The end of the 30-year-old Space Shuttle Program is old news, but every layoff hits every worker and every family hard when the pink slip finally comes. And a new round of layoffs is scheduled for October.
The folks who lose their jobs at the Kennedy Space Center have a special burden that those at the Houston office don't. In Texas, alimony is limited to three years after a 10-year-long marriage. In Florida, family courts are heavily biased against men, and much of the alimony that's doled out, even to women in their 30s and 40s, is permanent. There's an industry of attorneys who only represent men, including Mens Divorce Law in Orlando. It's the boys vs. the girls from the get-go, and the prevailing attitude is that men are sugar daddies and women are helpless.
Ninety-seven percent of alimony payers are men. In rare cases in Florida, when women are ordered to pay alimony, it's invariably short-term.
Walking papers in hand, laid-off workers must return to divorce court, plead for relief in their alimony payments, and hope against hope that it's coming. It helps to show up with a lawyer, and it helps to expect the worst. A judge told a petitioner several years ago that he should have been saving money for alimony in case he lost his job.
One laid-off worker already filed court papers. What should be an ordinary adjustment escalated once his ex-wife claimed that he, a lead engineer on 100 Space Shuttle launches, quit work voluntarily. Her lawyer is demanding three years of pay stubs and bank statements--and threatening to plunder his 401K for her legal fees. He fears the worst; he declared bankruptcy after his divorce. His attorney wanted--and got--$10,000 up front.
For him and other payers, there is no automatic end to or reduction in alimony, even at retirement, even when the payer is disabled or retirement is required, as with airline pilots. Couples divide marital assets, including pensions--or judges divide them, often giving women more than half--and the payer is expected to work forever or use his assets to pay alimony, even though the ex has gotten her fair share. A payer's new wife can even get embroiled when the ex-wife makes a claim on her resources.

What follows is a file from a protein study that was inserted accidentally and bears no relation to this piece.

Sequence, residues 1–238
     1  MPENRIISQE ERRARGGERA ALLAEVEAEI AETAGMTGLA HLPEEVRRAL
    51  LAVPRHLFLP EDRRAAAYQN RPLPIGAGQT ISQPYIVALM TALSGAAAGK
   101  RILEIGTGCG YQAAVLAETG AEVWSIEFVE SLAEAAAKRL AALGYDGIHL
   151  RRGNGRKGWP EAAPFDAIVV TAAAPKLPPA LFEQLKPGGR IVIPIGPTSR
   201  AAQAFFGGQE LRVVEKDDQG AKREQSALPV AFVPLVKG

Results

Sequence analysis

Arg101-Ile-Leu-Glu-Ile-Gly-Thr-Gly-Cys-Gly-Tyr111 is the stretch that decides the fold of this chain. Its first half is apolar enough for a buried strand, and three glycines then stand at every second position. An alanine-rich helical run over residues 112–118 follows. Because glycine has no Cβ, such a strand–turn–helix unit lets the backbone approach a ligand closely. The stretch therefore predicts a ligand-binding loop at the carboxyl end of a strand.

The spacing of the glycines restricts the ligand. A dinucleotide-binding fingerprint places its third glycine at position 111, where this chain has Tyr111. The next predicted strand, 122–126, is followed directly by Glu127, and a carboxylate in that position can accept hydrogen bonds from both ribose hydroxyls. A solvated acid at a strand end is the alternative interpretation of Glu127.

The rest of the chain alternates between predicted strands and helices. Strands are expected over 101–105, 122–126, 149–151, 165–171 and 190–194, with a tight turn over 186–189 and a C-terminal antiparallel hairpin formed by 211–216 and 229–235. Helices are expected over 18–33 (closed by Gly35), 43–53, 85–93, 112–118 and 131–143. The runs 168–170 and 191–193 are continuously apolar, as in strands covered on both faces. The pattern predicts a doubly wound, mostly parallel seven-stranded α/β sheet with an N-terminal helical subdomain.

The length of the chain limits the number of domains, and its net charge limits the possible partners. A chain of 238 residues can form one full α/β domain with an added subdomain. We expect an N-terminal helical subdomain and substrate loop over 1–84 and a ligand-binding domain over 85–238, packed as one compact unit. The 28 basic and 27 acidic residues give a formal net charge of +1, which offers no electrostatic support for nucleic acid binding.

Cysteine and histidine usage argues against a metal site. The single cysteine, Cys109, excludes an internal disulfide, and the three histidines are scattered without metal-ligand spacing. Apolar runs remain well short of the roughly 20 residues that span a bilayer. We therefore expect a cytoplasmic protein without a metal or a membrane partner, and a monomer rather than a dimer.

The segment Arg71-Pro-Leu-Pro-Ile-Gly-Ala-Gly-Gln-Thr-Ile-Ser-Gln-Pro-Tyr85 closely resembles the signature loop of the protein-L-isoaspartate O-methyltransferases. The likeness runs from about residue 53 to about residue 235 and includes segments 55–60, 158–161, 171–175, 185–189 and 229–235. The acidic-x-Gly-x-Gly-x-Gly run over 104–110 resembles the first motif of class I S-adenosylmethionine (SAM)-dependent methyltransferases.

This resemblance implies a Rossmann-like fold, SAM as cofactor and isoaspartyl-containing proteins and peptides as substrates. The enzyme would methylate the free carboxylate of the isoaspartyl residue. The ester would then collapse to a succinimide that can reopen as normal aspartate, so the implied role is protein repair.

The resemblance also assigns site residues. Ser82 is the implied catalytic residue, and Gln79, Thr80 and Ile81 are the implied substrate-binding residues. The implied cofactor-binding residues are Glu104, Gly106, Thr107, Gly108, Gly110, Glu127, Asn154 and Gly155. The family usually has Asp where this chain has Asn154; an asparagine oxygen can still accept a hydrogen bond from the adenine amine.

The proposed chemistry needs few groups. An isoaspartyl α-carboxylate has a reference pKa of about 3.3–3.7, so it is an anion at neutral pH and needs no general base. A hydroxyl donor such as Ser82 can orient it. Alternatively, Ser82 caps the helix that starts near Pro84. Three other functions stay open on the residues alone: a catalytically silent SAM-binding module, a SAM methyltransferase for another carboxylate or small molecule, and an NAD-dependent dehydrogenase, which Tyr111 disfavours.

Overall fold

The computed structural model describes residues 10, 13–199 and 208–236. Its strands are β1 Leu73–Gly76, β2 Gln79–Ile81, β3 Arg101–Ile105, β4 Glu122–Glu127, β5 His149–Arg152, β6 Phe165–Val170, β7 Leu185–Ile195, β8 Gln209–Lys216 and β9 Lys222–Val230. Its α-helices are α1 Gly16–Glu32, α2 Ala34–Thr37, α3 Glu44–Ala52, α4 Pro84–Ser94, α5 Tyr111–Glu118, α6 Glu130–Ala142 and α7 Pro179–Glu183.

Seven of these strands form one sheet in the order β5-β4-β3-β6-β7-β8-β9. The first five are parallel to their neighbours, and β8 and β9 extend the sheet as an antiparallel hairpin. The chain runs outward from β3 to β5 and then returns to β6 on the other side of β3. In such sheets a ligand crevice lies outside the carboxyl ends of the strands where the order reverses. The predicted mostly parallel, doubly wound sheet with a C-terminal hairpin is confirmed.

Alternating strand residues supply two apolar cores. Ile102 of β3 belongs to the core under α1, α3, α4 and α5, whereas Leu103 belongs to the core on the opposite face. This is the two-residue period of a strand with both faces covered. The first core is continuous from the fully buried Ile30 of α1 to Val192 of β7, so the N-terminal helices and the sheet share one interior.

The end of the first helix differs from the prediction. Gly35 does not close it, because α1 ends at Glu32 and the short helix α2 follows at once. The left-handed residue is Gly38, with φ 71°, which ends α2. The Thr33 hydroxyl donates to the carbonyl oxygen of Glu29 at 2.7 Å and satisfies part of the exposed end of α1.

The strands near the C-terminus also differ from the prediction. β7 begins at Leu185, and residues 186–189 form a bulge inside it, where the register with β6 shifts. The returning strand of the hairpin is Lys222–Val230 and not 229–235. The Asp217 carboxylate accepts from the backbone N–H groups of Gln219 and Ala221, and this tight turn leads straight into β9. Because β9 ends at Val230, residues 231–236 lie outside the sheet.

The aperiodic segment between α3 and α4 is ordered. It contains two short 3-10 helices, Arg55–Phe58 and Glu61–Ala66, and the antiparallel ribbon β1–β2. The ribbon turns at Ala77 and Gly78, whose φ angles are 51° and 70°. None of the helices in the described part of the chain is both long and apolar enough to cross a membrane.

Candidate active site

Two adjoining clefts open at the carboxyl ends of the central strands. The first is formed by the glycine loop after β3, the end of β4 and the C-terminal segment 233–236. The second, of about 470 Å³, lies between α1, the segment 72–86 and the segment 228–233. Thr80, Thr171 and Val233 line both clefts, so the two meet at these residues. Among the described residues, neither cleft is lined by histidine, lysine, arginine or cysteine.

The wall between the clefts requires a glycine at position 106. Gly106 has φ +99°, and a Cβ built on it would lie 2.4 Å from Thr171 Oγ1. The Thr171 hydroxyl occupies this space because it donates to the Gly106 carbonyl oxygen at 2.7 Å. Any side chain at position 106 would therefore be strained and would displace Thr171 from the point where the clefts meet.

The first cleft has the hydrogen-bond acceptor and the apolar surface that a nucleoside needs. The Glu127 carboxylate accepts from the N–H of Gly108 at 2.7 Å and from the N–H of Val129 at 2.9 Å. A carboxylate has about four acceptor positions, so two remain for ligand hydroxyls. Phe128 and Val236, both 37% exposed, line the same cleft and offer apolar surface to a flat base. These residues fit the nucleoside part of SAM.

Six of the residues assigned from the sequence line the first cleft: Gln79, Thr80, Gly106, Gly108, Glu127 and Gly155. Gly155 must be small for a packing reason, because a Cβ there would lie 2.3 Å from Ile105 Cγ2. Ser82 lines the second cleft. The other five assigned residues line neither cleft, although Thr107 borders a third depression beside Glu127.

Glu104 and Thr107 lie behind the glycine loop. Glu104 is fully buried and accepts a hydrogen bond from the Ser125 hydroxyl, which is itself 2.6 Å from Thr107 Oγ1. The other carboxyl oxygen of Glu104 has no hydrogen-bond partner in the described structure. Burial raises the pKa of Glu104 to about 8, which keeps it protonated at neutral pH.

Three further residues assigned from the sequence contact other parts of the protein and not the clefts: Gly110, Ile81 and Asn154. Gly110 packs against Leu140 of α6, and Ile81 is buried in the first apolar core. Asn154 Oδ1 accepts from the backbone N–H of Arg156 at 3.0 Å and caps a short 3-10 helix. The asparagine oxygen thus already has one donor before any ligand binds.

Payers are afraid to tell their stories because they're ashamed, don't want to hurt their children, and because going public might hurt a court case.
Last year, the Florida legislature made a few changes in the laws, and cut down on the wholesale awards of permanent alimony to all, but did nothing to protect people who want or need to retire, and nothing to help the thousands of payers already burdened by crushing debt, with no light, ever, at the end of the tunnel. This year, a grassroots organization, Florida Alimony Reform, is pushing for real change. Opposition will come from the Florida Family Bar, a powerful force in state politics.
Florida citizens - and certainly those who served the Space Shuttle so well - don't deserve to be punished twice, with job loss and another expensive, unnerving trip to divorce court.
As the Space Shuttle sinks, Florida's alimony wars are set to soar.
This appeared originally in the Good Men Project magazine.
Elizabeth Benedict is a novelist, journalist, and college essay coach who wrote the Boston Globe op-ed that ignited the reform movement in Massachusetts. For a copy of the op-ed, please send an email: firstname.lastname@example.org.
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